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Fewer Admissions Offices Using Student Social Media to Influence Acceptance Decisions

While most admissions officers consider checking out the social media profiles of college applicants "fair game," few actually do so. At the same time, a growing number of high schoolers agree that colleges and universities have the right to view their social media activity.

In a recent set of surveys, Kaplan Test Prep queried 388 admissions leaders from top U.S. colleges and universities as well as 914 high school students who have attended a Kaplan course. Among the first group, 68 percent reported having no qualms about checking out student social media profiles on sites such as Facebook, Instagram and Twitter. Just 29 percent said they have actually done it. That's down from last year's 35 percent.

Among those admissions officers who called the social checkup "fair game," they explained their reasoning as follows:

  • "Employers do it all the time. Colleges can do it as well."
  • "I think if things are publicly accessible without undue intrusion, it's OK. If it's searchable, it's fair game."
  • "We don't do this, but we could. I think high school seniors make poor choices sometimes when they put stuff online."

Respondents who considered social searching an "invasion of privacy" offered these reasons:

  • "Their application should be the sole decider."
  • "We use social media for recruitment, not admissions."
  • "We only look at social media if the applicant includes or provides it."

Among the students, 70 percent would expect admissions officers to check up on their online profiles, up from 58 percent in 2014.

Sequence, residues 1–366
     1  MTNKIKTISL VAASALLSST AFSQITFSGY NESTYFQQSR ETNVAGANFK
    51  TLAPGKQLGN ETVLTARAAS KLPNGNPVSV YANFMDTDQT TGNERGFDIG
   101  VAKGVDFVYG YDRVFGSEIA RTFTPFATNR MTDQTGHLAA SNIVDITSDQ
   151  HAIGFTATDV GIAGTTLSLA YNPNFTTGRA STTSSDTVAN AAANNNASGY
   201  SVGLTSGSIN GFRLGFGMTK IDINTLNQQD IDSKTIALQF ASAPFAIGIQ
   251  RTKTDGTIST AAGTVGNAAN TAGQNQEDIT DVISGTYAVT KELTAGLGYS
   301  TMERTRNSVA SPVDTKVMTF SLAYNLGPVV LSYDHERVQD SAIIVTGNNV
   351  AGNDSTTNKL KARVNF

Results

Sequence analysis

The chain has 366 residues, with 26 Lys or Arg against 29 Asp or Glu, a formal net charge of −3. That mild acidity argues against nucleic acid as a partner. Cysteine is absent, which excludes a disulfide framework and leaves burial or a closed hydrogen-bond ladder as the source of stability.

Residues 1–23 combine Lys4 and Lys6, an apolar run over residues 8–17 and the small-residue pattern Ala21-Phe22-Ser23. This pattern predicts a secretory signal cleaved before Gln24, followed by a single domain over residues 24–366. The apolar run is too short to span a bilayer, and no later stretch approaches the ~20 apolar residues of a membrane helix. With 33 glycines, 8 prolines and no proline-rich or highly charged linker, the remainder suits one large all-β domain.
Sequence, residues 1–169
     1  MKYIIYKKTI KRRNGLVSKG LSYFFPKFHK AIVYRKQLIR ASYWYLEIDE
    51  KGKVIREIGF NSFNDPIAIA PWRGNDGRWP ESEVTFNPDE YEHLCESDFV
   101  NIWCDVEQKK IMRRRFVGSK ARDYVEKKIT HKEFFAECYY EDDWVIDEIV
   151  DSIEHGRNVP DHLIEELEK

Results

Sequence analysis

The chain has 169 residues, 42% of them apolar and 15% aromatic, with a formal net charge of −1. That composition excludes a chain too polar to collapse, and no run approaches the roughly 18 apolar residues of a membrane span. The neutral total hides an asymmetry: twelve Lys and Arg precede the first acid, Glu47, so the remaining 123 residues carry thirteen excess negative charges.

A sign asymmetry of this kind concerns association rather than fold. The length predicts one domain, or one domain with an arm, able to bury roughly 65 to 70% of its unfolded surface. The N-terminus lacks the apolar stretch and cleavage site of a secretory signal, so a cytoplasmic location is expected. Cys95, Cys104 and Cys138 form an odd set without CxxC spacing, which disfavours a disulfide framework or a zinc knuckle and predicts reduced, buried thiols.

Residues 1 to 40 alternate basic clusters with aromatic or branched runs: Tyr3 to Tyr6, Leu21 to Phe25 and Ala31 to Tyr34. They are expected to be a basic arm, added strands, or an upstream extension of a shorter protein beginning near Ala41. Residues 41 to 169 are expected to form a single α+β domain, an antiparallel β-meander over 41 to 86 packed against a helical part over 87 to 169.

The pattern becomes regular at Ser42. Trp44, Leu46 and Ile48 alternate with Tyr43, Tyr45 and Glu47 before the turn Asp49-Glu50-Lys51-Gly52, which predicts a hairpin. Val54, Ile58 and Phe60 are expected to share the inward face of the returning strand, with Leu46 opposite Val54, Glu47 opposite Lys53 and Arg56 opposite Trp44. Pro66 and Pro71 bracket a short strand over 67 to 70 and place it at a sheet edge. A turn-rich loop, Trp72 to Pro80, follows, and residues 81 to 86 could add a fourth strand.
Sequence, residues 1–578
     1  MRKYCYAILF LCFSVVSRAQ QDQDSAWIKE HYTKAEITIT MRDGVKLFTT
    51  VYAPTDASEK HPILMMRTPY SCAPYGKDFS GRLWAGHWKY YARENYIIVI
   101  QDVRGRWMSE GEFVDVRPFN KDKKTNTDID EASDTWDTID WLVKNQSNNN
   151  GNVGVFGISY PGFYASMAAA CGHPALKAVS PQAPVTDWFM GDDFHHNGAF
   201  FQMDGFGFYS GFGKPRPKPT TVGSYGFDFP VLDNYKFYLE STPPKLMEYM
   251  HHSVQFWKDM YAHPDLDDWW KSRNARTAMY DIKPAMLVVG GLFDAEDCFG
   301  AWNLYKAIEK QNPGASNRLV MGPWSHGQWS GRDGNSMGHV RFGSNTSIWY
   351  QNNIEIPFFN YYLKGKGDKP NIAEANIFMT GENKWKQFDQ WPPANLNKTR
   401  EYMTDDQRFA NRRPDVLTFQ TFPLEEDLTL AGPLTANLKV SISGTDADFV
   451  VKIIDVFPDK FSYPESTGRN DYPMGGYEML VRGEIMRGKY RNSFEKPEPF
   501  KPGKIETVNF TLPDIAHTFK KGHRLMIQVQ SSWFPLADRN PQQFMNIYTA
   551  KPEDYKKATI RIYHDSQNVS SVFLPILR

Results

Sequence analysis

Just a fraction of institutions forbid admissions officers from adding an online checkup to the application consideration process. While 20 percent said their schools have official guidelines or policies on social media vetting, only a third of those — about seven institutions in every 100 — added that they're not permitted to do so.

Some of the decline in social media checks may be attributable to changing habits among young people, who have moved from Facebook to "non-archival" platforms such as Snapchat.

"You cannot visit an applicant's social media profile if you can't locate them, and as one admissions officer shared with us, 'Students are harder to find,'" said Yariv Alpher, executive director of research for Kaplan Test Prep, in a press release. "They've gotten savvier in hiding or curating their social media footprints, even as they've become very comfortable with the notion of having a digital presence to begin with."

As he noted, most admissions officers are "sticking with the traditional elements of the application," including test scores, grade point average, recommendation letters and personal essays. "For most, these traditional factors provide enough useful information to make a decision, like it has for generations of their predecessors."

Of course, any offer can be revoked if the school later uncovers evidence of malfeasance on the part of the applicant. Just ask the Harvard admittees who lost their acceptance status last year when they posted highly offensive memes on a private Facebook group for incoming freshmen. It happens more often than one might imagine, according to the Kaplan survey: Nine percent of admissions officers had revoked an offer of admission because of something they'd uncovered online.

About the Author

Dian Schaffhauser is a former senior contributing editor for 1105 Media's education publications THE Journal, Campus Technology and Spaces4Learning.

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